Whether the trend is driven by the fear of lawsuits or greater independence on the part of consumers, statistics compiled by four of the nation’s largest MLSs show declines in same-broker or same-office transactions during the last decade.
At Phoenix-based Arizona Regional MLS, the proportion of same-office transactions has fallen by nearly 38 percent in the last decade, dipping from 22.6 percent in 2001 to 14.1 percent last year (view charts).
The percentage of same-office transactions handled by ARMLS members actually peaked at the tail end of the boom, hitting 22.9 percent in 2007 as home sales bottomed out.
Same-agent transactions — a subset of same-office transactions — followed a similar pattern, peaking at 19.2 percent of closings by ARMLS members in 2007 before retreating to 9.4 percent last year.
There’s been a similar trend at the largest MLS in the Northeast, Rockville, Md.- based Metropolitan Regional Information Systems Inc. (MRIS), where 21.7 percent of transactions in 2002 were handled by an agent or agents working out of the same office (view charts).
The percentage of same-office sales dropped to 15.8 percent in 2009, a low for the decade, before rebounding to 16.4 percent last year, MRIS reported.
The 24 percent decline in the rate of same-office transactions was eclipsed by an even steeper, 30 percent drop in the share of same agent transactions handled by MRIS members, which fell from 14.5 percent to 10.1 percent during the same period.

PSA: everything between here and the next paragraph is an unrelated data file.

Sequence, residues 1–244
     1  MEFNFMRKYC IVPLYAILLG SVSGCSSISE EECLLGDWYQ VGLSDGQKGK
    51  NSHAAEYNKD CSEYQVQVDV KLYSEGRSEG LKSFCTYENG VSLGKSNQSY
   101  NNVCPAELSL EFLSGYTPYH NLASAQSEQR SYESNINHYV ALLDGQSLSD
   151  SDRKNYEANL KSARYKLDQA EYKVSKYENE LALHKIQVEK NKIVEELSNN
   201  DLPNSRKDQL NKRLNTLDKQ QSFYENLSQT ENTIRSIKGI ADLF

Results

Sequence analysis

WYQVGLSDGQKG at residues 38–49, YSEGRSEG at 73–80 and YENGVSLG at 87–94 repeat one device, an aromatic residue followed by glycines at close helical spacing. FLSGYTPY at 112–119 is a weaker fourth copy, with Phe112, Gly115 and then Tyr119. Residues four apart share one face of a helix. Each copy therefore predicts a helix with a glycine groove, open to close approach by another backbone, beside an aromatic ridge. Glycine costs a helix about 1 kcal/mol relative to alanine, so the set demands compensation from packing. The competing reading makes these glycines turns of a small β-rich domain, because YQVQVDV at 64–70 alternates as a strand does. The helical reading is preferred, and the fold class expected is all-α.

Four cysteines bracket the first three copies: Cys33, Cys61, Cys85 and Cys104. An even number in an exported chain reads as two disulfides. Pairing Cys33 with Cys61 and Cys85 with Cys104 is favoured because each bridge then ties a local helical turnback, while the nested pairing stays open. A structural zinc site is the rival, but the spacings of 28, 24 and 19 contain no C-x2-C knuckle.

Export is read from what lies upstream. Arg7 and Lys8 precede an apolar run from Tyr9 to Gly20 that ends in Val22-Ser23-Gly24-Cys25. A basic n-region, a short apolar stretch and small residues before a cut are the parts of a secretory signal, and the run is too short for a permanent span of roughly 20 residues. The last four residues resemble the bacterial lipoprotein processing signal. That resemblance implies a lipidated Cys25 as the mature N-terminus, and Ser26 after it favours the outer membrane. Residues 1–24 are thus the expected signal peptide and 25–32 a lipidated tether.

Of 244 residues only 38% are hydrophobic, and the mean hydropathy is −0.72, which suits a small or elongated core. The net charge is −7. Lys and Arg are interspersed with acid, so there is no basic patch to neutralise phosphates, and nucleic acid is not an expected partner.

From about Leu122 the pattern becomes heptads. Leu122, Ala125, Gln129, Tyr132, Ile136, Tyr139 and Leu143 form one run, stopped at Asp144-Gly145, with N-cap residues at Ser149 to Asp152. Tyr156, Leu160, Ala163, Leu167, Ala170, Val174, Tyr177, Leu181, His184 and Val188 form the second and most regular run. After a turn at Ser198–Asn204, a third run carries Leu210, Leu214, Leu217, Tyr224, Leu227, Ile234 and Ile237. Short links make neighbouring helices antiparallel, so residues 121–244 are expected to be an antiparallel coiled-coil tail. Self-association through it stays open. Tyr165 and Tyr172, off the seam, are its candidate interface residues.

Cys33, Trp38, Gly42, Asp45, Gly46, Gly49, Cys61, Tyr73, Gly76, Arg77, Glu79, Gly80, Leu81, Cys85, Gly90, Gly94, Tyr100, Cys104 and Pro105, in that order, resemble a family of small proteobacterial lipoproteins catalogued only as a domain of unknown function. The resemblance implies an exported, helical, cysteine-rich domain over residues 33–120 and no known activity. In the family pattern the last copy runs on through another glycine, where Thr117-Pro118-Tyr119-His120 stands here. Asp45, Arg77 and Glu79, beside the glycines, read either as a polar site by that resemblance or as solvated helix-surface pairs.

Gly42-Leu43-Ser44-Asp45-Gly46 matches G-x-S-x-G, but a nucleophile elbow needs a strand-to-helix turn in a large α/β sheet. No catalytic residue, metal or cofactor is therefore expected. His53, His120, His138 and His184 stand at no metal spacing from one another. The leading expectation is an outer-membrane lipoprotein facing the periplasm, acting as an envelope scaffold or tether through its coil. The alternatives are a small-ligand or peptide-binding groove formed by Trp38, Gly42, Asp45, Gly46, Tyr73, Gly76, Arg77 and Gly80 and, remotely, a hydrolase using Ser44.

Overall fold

In the year 2000, 34.6 percent of transactions in the market served by the Houston Association of Realtors (HAR) were handled by agents at the same brokerage.
The rate fell steadily for 10 years, reaching a low of 15.1 percent last year — a 56 percent reduction in the share of same-broker transactions. From 2000 through 2010, same-agent sales never accounted for more than 1 percent of transactions handled by HAR members.
(Although Texas has banned dual agency, brokers can act as an “intermediary” between a buyer and seller. Brokers acting as intermediaries may, but are not required to, appoint individual agents to carry out the instructions of the buyer and seller.)
The MLS for the metro Chicago market and surrounding areas, Midwest Real Estate Data LLC, (MRED), analyzed records going back to 2007 and found same-broker sales dropped from 22.3 percent in 2007 to 15.2 percent in 2009, and have stayed in that vicinity since then. MRED did not provide a further breakdown of same-agent sales (view charts).